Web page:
How To Eat In A Way That 'Speaks' To Your Genes, According To An RD

Contributing writer By Amanda Archibald, R.D.
Contributing writer
Amanda is a Registered Dietitian with extensive training in nutrition biochemistry, nutrigenomics and functional nutrition. She is the founder of The Genomic Kitchen, a website that provides online courses, virtual coaching, and in-person instruction.
How To Eat In A Way That 'Speaks' To Your Genes, According To An RD
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Have you ever wondered how the way we eat affects our genes? According to Amanda Archibald, R.D., and her book, The Genomic Kitchen: Your Guide to Understanding and Using the Food-Gene Connection for a Lifetime of Health, our diets are crucial for the health of our DNA. Different foods and ingredients have unique capabilities that can promote the health of our cells, and although the science is rather new and cutting-edge, the harmonious union between genomic science and food science has been shown to be so important for modern-day health. To learn more about the concept of culinary genomics (and for a yummy recipe to test out your new knowledge), check out this excerpt below.

Genomic medicine offers a new approach to personalizing health care, one that uses your unique gene blueprint as a powerful insight into how your genes respond to nutrients, exercise, life stressors, environmental pollutants, and medications. It does not get any more personal than you. 

Nutrigenomics, which looks at nutrition through the lens of genes and how they are affected by what and how you eat, is an exciting, relatively young offshoot of the broader study of genetics. Both are highly complex fields that are rapidly evolving as researchers attempt to untangle the relationship between nutrition and the unique blueprint of our bodies, our genes. The field explores how various classes of substances found in our diet can affect how genes express themselves at the molecular level to have a positive or negative effect on our health, our behavior, and even our emotions.

The field of nutrigenomics, genomics seen through the lens of nutrition science, helps us understand how specific nutrients and other non-nutritional compounds found in food influence gene activity. Nutrigenomics informs us how food interacts with specific genes and in which way (cooked or raw, for example).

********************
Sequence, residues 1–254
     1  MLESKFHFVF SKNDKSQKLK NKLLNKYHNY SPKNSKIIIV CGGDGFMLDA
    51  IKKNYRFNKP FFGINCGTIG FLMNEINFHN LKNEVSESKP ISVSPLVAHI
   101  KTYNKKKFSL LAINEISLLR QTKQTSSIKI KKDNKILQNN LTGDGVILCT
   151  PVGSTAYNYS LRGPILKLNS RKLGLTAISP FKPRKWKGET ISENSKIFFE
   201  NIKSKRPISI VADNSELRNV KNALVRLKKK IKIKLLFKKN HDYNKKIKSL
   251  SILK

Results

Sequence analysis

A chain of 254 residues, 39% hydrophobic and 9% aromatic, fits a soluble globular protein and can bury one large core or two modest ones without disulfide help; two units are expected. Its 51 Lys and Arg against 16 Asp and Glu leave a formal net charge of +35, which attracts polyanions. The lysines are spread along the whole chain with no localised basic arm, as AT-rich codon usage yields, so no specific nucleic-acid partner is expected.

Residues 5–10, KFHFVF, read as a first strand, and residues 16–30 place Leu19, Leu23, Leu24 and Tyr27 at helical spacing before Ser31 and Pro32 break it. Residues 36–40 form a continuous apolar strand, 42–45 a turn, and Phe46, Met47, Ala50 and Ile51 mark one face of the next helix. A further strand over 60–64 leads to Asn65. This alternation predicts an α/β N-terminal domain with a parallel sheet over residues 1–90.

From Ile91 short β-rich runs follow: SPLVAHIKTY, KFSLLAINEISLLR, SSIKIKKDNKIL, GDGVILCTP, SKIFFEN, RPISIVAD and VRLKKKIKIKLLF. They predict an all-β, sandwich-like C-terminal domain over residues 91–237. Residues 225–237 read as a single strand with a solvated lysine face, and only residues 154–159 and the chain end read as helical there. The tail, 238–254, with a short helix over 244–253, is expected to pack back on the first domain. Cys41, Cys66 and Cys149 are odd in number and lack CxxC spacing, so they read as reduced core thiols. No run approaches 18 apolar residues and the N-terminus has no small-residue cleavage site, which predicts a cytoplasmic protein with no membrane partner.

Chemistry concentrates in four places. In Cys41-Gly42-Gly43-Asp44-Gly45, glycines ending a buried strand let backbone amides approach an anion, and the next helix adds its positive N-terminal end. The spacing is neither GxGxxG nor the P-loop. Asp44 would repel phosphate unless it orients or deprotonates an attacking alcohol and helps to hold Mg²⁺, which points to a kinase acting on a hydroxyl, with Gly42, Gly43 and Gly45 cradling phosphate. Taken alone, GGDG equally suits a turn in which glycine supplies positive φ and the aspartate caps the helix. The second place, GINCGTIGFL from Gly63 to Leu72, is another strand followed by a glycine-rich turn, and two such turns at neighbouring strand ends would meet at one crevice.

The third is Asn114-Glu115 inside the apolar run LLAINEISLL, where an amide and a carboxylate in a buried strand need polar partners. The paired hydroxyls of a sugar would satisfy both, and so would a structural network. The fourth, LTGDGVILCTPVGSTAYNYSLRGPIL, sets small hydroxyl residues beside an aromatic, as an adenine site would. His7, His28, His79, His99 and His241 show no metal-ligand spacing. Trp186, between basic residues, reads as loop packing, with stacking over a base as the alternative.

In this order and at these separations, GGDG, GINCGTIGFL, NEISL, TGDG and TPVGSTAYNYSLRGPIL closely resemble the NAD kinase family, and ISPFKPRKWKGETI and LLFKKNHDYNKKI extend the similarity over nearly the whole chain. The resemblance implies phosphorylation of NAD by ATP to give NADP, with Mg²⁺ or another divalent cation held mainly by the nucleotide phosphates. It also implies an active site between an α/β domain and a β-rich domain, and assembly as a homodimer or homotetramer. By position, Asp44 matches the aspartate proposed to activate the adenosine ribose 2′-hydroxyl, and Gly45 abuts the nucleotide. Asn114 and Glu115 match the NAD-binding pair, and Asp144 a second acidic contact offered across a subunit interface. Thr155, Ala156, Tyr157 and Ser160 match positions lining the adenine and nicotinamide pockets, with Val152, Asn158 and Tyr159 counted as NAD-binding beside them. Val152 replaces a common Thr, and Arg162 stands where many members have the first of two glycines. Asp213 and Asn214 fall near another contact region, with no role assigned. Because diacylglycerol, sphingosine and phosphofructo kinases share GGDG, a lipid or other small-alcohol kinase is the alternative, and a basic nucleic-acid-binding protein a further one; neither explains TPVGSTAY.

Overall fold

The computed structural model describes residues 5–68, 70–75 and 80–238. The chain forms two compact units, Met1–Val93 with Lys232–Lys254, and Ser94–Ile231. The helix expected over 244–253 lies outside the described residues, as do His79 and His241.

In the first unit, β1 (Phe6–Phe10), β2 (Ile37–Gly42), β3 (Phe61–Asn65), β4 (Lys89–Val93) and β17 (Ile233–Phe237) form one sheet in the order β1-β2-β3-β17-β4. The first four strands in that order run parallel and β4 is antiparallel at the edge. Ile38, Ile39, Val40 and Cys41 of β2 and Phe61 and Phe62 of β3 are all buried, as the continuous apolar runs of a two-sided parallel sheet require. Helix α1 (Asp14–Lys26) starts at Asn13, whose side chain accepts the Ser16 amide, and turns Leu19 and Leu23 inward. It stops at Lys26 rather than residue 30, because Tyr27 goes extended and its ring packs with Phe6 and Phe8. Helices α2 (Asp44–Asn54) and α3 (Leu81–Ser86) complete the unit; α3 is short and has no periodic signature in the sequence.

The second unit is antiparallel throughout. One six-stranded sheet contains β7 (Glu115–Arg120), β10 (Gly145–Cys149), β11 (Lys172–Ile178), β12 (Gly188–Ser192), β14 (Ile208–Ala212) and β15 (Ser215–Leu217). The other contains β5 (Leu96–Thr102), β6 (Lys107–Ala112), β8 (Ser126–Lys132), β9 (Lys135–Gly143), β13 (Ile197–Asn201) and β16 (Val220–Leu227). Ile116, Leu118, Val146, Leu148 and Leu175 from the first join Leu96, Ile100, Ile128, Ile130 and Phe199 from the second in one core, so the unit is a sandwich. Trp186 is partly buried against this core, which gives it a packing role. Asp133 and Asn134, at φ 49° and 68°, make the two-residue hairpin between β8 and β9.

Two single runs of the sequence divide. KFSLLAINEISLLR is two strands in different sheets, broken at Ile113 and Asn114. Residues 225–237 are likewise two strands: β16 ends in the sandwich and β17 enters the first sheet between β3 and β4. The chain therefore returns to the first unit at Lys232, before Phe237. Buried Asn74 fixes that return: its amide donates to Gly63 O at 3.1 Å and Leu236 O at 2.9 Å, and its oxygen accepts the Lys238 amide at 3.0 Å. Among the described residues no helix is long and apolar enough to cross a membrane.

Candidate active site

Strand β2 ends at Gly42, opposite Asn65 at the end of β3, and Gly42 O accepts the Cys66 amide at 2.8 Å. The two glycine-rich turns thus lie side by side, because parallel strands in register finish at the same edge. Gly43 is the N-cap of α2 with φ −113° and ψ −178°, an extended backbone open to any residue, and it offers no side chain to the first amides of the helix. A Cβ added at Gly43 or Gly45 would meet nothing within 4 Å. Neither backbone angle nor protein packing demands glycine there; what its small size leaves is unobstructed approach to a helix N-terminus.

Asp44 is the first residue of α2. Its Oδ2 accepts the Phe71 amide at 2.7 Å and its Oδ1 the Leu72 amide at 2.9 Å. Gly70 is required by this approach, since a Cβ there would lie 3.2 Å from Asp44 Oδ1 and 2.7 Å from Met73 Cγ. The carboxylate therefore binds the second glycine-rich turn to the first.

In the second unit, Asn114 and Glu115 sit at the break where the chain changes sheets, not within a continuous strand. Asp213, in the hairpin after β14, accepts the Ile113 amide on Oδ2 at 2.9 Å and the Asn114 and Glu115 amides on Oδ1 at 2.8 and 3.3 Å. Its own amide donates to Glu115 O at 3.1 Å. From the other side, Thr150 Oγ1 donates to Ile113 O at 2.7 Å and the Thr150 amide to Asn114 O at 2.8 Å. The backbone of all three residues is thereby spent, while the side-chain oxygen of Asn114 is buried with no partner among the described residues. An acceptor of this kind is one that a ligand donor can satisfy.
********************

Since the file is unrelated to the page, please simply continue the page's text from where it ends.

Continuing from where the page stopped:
Culinary genomics is a term I devised to describe the union of genomic science, nutrition science, food science (how food responds to growing, storage, and cooking techniques), and the culinary arts to transform the home kitchen into a resource for modern-day health. The discipline involves the selection and preparation of ingredients that are designed to influence key health-giving aspects of gene behavior. In the vernacular of the Genomic Kitchen, a system I devised to empower every one of us with this game-changing nutritional insight, culinary genomics involves paying particular attention to antioxidants, inflammation, metabolism, and your microbiome.

Fermented foods are a foundational component of culinary genomics since the gut—and its microbiome—is the gateway to health. A finely tuned gut allows us to absorb the nutrients that serve as information to the body and its complex biochemical pathways. Fermented foods deliver a unique set of information, providing the body with useful data for its 24/7 functioning.

We now know that some compounds, such as sulforaphane, a compound created when we chop cabbage or bite into Brussels sprouts, can activate influential genes that have a dynamic effect on our health. This same sulforaphane compound can be produced by beneficial bacteria in the gut. This being the case, bacteria in the gut contributes to food-gene relationships and, subsequently, to our health. 

Genomics uncovers why some people struggle more with weight than others and why some people may be more likely to suffer from anxiety and depression or struggle to control their blood sugar. By understanding the nature of how food, the environment, and our lifestyle choices influence our genes, we can begin to understand health phenomena such as longevity. In this way, genomic medicine cuts through the nutrition noise.